L-5 Healthcare Partners, LLC v. Alphatec Holdings, Inc., C.A. No. 2019-0412-KSJM (Del. Ch. Oct. 12, 2020)
Pursuant to a share purchase agreement, a plaintiff stockholder had preemption rights that entitled the stockholder to participate on a pro-rata basis if the defendant company issued common stock equivalents to a third-party buyer. Defendant issued warrants convertible into common stock to a nonparty. In consideration of plaintiff’s preemption rights, defendant made a proposal for plaintiff to provide the company with a loan in exchange for acquiring warrants, based on a blended version of the prices and other terms of the issuance to the nonparty. The proposal was, however, subject to approval by defendant’s board and the nonparty, and contingent upon defendant drawing down on the loan provided by plaintiff. Plaintiff filed suit in the Delaware Court of Chancery, seeking to enforce its preemption rights, and moved for partial judgment on the pleadings.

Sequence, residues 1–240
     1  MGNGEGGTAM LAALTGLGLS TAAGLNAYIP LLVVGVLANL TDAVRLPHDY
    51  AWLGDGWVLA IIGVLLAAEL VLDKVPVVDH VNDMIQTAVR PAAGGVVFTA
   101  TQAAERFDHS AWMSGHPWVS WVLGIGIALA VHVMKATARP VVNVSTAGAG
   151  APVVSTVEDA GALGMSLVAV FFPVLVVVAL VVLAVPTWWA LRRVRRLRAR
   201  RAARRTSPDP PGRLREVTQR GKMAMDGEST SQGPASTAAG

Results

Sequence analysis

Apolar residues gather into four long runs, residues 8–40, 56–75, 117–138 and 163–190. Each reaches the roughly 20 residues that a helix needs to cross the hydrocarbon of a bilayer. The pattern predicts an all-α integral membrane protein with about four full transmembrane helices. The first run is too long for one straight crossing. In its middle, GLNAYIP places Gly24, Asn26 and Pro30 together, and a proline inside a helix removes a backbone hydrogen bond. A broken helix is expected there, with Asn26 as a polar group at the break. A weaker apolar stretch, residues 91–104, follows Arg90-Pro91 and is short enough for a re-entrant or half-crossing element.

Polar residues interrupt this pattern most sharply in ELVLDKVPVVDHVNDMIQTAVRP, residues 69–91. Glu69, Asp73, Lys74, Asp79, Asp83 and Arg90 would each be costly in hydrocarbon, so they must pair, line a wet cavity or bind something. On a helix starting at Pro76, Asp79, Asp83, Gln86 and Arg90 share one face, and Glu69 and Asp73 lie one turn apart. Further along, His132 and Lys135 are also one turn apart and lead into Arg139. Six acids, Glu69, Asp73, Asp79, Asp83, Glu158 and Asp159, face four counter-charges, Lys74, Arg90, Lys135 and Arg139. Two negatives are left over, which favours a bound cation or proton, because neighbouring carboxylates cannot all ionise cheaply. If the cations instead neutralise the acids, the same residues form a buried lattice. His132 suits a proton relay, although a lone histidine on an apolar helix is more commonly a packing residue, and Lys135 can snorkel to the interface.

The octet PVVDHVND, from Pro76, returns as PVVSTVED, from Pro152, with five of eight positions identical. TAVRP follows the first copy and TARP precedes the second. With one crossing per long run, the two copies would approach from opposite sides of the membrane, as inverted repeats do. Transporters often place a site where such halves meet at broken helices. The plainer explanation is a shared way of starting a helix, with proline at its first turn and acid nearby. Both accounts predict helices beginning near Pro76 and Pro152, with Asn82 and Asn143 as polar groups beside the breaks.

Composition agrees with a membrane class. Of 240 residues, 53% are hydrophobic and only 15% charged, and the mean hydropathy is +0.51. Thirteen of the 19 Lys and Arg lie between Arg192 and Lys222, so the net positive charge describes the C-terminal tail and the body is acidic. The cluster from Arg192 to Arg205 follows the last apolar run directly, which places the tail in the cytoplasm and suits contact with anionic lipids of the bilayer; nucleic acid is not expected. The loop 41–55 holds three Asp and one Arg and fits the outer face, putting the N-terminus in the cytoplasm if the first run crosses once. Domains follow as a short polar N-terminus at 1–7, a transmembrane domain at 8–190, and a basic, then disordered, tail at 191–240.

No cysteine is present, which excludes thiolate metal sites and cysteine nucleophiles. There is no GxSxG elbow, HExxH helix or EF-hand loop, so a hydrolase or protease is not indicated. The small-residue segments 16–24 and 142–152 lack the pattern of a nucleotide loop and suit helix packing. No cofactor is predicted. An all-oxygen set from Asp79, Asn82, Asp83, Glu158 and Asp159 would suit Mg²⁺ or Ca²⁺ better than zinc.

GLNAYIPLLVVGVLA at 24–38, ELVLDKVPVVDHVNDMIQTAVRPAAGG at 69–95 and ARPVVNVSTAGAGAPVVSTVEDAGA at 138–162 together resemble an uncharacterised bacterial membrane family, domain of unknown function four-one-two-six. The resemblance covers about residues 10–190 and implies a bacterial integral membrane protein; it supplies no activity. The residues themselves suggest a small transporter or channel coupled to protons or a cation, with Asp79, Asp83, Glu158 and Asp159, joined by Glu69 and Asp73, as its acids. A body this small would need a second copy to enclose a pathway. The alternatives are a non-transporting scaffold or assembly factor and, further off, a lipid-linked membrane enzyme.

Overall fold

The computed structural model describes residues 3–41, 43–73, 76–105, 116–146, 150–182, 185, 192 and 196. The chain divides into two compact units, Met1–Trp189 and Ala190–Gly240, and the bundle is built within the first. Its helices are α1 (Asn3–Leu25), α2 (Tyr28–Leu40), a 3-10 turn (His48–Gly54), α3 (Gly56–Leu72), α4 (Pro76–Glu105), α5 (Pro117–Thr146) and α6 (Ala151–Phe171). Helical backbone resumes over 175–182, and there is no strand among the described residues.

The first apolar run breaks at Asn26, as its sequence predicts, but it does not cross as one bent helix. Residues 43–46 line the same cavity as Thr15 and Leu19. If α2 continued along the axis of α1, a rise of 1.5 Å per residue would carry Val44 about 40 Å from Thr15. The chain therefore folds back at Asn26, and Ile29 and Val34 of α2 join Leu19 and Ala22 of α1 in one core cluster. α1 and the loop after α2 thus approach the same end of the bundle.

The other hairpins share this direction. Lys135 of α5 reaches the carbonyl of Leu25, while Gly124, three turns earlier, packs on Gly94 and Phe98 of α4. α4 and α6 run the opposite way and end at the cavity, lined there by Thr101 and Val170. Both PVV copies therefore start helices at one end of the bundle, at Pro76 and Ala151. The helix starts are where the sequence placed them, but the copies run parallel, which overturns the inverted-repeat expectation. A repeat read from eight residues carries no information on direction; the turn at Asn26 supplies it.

The Court held that the defendant company’s issuance to the nonparty of warrants convertible into common stock triggered the plaintiff’s preemption rights to participate on a pro-rata basis in the defendant’s issuance. The plaintiff’s preemption rights were triggered when defendant authorized the issuance of warrants even if defendant had not immediately drawn down on the loan that was a condition for their issuance. The Court also concluded that defendant’s proposal to plaintiff did not constitute a sufficient offer to satisfy its preemption rights. Because defendant’s proposal was contingent on board approval and on the nonparty’s assent, the proposal lacked sufficient finality to constitute an offer to satisfy plaintiff’s preemption rights.